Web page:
Face Book may be a threat, but it’s a threat that must face time, competition, bureaucratic bloat, and like every giant business that has ever existed it will be cut down to size, unless, of course, it is regulated. Then it will develop rules it can live with that kill competition and give it market leverage. It’s not as if we haven’t been down this road before. There may be a better way and some clever competitor will figure it out if we don’t lock it into a symbiotic relationship with our government. Our government is and will remain the long term threat, because that’s the nature of governments.

    • #1
    • April 13, 2018 at 1:27 pm
    • Like
  2. Member

    Going down the OP’s described path definitely raises the specter of regulatory capture, probably aided by a willing Deep State. There is another way:

    Break them up. The breakup of the old AT&T provides a precedent. Back in the day they whined that that would be impossible, since they managed the database of phone numbers. That was moved to a third party – that’s where number portability came from – and we managed to live through it. There is a modern equivalent: Online identity and authentication. Move that from the proprietaries to a third party, and then break up Facebook, Amazon, Twitter et al along functional lines: search back in one bucket, photo sharing, chat, etc. each in their own. Integration of identity across them only by permission of the individual.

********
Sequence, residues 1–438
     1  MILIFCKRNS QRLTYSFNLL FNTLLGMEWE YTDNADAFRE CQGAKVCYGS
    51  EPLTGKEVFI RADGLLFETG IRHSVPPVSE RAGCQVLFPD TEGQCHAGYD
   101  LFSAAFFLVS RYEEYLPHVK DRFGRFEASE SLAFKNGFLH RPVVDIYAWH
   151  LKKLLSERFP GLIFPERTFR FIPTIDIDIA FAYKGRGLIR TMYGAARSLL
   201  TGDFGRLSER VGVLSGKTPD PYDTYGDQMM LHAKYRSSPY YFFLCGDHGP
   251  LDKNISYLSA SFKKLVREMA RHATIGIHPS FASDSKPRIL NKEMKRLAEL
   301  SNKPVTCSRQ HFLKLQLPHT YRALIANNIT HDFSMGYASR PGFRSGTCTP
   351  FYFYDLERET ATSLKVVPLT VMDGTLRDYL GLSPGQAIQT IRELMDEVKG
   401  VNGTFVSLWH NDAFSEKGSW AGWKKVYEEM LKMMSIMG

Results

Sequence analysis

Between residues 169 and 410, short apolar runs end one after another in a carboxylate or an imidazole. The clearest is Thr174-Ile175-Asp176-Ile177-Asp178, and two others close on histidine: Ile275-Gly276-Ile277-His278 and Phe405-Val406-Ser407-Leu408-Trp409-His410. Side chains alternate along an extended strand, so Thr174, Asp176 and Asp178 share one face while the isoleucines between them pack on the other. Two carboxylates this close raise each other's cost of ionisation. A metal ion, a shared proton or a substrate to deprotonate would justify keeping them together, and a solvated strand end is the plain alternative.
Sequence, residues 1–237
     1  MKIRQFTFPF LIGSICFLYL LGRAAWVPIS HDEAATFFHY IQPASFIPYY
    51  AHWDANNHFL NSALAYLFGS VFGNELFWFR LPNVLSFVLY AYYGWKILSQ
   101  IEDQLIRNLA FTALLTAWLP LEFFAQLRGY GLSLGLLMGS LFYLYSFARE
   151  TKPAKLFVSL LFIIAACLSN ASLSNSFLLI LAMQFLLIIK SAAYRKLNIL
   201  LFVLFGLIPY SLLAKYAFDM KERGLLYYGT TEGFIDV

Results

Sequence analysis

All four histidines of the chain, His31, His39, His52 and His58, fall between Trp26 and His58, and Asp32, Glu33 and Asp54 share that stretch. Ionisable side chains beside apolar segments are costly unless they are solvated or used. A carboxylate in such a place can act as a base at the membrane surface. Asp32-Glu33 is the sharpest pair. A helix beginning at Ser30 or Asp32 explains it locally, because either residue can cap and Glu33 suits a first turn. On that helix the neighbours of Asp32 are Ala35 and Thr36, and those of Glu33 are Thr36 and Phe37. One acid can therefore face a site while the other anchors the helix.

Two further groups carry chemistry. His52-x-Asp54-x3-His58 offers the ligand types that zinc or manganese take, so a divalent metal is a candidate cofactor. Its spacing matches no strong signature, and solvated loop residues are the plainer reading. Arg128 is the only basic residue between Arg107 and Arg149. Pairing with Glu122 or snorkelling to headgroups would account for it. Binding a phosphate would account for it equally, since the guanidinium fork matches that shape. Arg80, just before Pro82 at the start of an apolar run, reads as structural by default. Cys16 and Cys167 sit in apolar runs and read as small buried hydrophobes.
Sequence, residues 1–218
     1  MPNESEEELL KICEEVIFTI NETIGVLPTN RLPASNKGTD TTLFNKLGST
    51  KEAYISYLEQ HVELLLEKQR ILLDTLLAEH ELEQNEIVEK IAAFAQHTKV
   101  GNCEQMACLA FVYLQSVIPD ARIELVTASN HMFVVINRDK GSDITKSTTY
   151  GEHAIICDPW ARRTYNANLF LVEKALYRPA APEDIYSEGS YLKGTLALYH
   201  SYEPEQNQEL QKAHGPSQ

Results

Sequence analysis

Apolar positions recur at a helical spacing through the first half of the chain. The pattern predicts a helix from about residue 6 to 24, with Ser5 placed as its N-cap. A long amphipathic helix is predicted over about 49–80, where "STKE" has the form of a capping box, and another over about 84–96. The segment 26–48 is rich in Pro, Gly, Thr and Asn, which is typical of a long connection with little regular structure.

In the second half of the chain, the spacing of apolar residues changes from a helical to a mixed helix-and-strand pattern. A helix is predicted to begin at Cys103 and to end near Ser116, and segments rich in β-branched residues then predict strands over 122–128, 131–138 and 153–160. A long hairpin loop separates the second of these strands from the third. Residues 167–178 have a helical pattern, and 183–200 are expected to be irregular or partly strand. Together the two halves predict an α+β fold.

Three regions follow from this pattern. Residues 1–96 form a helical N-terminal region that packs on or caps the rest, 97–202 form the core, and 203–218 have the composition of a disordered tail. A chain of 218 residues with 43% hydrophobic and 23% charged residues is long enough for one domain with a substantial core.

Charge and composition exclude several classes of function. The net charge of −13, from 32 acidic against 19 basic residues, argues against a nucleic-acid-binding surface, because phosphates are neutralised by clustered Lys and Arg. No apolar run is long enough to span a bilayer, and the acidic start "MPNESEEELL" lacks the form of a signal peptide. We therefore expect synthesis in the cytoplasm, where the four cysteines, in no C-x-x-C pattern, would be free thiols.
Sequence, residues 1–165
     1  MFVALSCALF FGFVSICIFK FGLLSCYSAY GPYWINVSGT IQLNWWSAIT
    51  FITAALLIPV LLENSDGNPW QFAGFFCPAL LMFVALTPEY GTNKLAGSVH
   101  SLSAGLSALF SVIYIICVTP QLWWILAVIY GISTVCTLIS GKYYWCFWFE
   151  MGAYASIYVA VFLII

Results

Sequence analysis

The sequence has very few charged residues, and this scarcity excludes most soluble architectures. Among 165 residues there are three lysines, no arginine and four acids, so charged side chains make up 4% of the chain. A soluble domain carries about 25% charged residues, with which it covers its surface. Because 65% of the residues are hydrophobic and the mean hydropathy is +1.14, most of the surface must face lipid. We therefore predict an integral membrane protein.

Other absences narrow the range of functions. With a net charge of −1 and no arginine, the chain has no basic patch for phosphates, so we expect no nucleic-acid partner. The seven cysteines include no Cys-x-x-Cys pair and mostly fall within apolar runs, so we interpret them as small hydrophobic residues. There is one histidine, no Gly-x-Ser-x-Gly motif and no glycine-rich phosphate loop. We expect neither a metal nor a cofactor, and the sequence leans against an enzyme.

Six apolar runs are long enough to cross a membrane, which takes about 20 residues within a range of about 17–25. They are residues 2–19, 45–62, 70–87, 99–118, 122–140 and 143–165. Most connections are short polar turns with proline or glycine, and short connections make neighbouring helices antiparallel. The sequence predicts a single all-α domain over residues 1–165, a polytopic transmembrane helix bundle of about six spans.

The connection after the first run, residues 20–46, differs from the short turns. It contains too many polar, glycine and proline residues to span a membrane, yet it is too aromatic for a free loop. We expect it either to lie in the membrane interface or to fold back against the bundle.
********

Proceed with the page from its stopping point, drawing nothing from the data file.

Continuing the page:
The FAANGs have been given a pass by the CDA and other regulation with the understanding (and in the CDA an explicit requirement) that they act as neutral, non-editorial platforms, IOW common carriers. They have all repeatedly and obviously violated that neutrality, both censoring and playing favorites, and deserve the consequences.

    • #2
    • April 13, 2018 at 1:55 pm
    • Like
  3. Member

    Andy Kessler’s solution solves all problems: vest title, ownership, and rights to each person’s data in that person. The application (FB) can use aggregate and anonymized data without consent, but must get specific consent each time to share any personalized data. Period. This should be at least as restrictive as HIPAA is for health care data.

    • #3
    • April 13, 2018 at 2:27 pm
    • 2 likes
  4. Member

    Locke On (View Comment):

    Going down the OP’s described path definitely raises the specter of regulatory capture, probably aided by a willing Deep State. There is another way: